AOC's Sexual Assault Disclosure Is a #MeToo Moment for Marginalized Women of Color | Opinion

Congresswoman Alexandria Ocasio-Cortez recently took to Instagram where she made a devastating disclosure. While recounting the trauma she sustained during the attack on Capitol Hill on January 6, she revealed that she is a survivor of sexual assault.

As a mixed-race woman from a working-class background and a fellow survivor, her admission means the world to me.

As a child, I guarded a terrible secret for over a decade. Like many survivors, my perpetrator, a distant relative, threatened me into silence. So I carried the burden of childhood sexual abuse alone. It was a weight so heavy that I thought it would crush me.

As a teenager, I used to rehearse my "disclosure speech" in the mirror, certain that when the moment came, I would speak out. Yet whenever I was presented with an opportunity, I could never quite get past the opening words, "I have something to tell you." My body would betray me, and I would stand there, paralyzed, physically unable to say another word.

It took three years of practice before I felt able to share my story, and even then, I was met with disbelief, and rejected by several relatives who haven't spoken to me since.

As survivors of sexual assault, we are robbed of many things -- our dignity, our right to autonomy, and our voice. But for those who were already silenced and oppressed to begin with, the barriers to speaking out are multiplied.

That's why Ocasio-Cortez's disclosure cannot be understated. In light of the intersectional discrimination she faces just by existing as a young, female Latinx from a working-class background, it was a political and cultural watershed moment, nothing short of a #MeToo for the marginalized.

As both a survivor and a former social worker who supported countless victims of sexual assault, I was met with a disturbing sense of familiarity during AOC's address. She mentioned for example, being gaslighted by people pushing to move on from the events of that day, who she accused of "using the same tactics of every other abuser who just tells you to move on," abusers like "that man who touched you inappropriately at work... or the adult who, you know, if they hurt you when you were a child and you grow up and you confront them about it, and they try to tell you that what happened never happened."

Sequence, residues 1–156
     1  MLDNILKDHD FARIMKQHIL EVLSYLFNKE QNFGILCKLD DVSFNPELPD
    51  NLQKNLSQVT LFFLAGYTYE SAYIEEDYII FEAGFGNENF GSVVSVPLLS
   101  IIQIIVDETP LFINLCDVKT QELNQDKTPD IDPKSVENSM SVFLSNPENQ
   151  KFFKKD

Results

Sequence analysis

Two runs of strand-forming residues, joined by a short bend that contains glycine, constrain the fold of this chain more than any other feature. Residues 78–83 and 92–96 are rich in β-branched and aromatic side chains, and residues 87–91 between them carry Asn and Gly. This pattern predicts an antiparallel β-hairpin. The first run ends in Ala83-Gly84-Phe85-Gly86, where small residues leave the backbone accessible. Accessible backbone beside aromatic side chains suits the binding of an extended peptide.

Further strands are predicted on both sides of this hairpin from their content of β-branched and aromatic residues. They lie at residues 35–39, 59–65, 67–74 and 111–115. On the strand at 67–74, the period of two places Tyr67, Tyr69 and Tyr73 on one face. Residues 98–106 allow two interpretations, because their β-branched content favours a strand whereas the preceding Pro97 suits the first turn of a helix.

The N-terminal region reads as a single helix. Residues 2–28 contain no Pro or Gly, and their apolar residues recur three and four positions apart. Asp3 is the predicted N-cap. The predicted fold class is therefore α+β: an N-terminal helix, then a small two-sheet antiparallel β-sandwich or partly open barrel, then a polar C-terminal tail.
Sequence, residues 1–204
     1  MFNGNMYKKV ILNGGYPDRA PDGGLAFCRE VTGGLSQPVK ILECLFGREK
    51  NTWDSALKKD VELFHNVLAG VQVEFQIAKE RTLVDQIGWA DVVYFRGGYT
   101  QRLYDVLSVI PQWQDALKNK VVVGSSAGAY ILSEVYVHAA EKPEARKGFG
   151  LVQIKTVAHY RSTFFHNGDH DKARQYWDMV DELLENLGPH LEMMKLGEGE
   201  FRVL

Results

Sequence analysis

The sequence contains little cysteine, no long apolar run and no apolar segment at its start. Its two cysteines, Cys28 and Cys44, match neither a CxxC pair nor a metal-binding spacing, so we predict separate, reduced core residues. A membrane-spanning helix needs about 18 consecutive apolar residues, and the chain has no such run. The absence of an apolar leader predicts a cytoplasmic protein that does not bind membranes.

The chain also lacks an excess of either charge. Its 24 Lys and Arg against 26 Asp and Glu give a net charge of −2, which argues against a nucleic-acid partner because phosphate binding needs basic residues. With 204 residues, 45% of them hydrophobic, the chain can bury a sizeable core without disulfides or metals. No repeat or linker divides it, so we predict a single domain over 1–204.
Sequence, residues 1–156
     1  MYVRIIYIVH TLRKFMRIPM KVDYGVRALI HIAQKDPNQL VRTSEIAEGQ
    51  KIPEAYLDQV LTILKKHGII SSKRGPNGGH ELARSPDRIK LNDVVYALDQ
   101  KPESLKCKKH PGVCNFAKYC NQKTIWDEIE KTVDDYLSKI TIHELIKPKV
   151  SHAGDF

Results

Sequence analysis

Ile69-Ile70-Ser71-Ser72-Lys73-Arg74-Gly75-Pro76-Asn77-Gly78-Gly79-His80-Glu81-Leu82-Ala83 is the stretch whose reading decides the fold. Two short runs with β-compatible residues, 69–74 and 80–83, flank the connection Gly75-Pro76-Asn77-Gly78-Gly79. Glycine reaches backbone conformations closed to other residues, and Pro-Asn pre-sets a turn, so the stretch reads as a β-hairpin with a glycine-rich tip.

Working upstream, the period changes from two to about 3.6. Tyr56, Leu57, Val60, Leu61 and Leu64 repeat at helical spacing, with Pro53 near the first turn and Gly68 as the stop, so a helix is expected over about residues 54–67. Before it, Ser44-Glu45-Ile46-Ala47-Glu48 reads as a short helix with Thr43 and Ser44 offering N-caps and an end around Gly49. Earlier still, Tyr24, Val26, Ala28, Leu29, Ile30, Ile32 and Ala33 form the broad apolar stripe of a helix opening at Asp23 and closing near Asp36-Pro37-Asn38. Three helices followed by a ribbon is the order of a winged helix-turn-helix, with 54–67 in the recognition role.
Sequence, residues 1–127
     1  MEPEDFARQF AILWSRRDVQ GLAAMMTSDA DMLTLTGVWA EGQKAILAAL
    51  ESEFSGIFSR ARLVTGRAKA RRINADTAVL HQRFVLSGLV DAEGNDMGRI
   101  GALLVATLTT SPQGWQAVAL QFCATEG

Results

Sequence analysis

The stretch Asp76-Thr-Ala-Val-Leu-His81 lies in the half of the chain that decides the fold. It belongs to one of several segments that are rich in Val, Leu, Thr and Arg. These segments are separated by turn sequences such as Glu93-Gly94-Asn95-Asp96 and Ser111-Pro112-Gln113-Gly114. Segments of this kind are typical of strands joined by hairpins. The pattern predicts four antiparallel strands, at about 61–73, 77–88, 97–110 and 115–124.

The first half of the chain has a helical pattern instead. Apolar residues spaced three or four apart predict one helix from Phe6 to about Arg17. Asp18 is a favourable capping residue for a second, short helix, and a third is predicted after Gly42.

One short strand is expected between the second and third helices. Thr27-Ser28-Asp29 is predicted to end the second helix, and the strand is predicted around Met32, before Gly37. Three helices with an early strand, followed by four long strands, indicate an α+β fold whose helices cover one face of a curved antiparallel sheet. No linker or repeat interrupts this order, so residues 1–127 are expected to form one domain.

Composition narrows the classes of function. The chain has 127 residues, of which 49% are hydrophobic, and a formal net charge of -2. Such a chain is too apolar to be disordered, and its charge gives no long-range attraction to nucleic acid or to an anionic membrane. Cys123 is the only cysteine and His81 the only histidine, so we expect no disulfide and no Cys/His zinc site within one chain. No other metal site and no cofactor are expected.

Alexandria Ocasio-Cortez
Rep. Alexandria Ocasio-Cortez (D-NY) questions Postmaster General Louis DeJoy during a hearing before the House Oversight and Reform Committee on August 24, 2020 Getty Images

Many, many sexual abuse survivors will recognize these tactics, especially women of color who struggle to make their voices heard. Gaslighting is a well-worn weapon in the abuser handbook, and AOC's words about abusers negating the impact of trauma hit me close to home; I recognized them from my own experience. At various points in my childhood, my abuser would insist "This never happened," minimizing, denying, and absolving himself of culpability. It was a manipulative attempt to make me question my own sanity.

There are simply no words to describe the weight of this injustice, or how it felt to have my abuser look me in the eye and reinvent history – and this is being played out on a national scale, as pointed out by AOC.

Victim-blaming is another psychological ruse AOC described, which mirrors both my personal and professional observations. In her address, she said that infuriated Republicans were asking her to apologize for her comments insisting that Ted Cruz "almost had [her] murdered." This is a clear and deliberate attempt to shift the focus from perpetrator to attacker.

And to me, it felt like déjà vu. In every case of sexual assault I encountered as a social worker, perpetrators would echo the same five words: She made me do it. In many cases, perpetrators demand apologies from victims for daring to disclose, blaming them for the fact they are now "labelled" as a sex offender, for their sudden lack of employment, or on rare occasions, for their prosecution. (When I say rare, I mean to say so low as to be negligible; as of 2018, less than 1% of rapes lead to felony convictions, a figure likely to have skyrocketed due to the pandemic.)

AOC's disclosure marks a huge stride forward when it comes to shattering the stigma around speaking out.

For me personally, witnessing a disclosure from someone I relate to -- another young woman from mixed heritage, from a working class background -- has been instrumental to my decision to share my story.

But to truly support survivors of diverse backgrounds, it is imperative to acknowledge our own privilege. For example, as a "white passing" mixed-race person, I know I cannot truly understand the experience of a Black survivor. We must all come together to break the silence around sexual abuse.

We must learn from grassroots organizations that support diverse survivors from all racial, cultural, and religious backgrounds, as well as people from the GBTQI+ community, the disabilities community, and neurodivergent people. Ask outrightly if someone needs support. Name your concerns, and provide an opportunity for disclosure. It could be the difference between life or death. Finally, we must believe survivors and validate their experiences. It may be the first time they have ever been heard.

It is my deepest wish that AOC's devastating disclosure will prove a watershed moment for women of color survivors -- and the communities that must do more to support us.

Rebekah Pierre is a journalist and author based in London who writes about gender and social justice.

The views expressed in this article are the writer's own.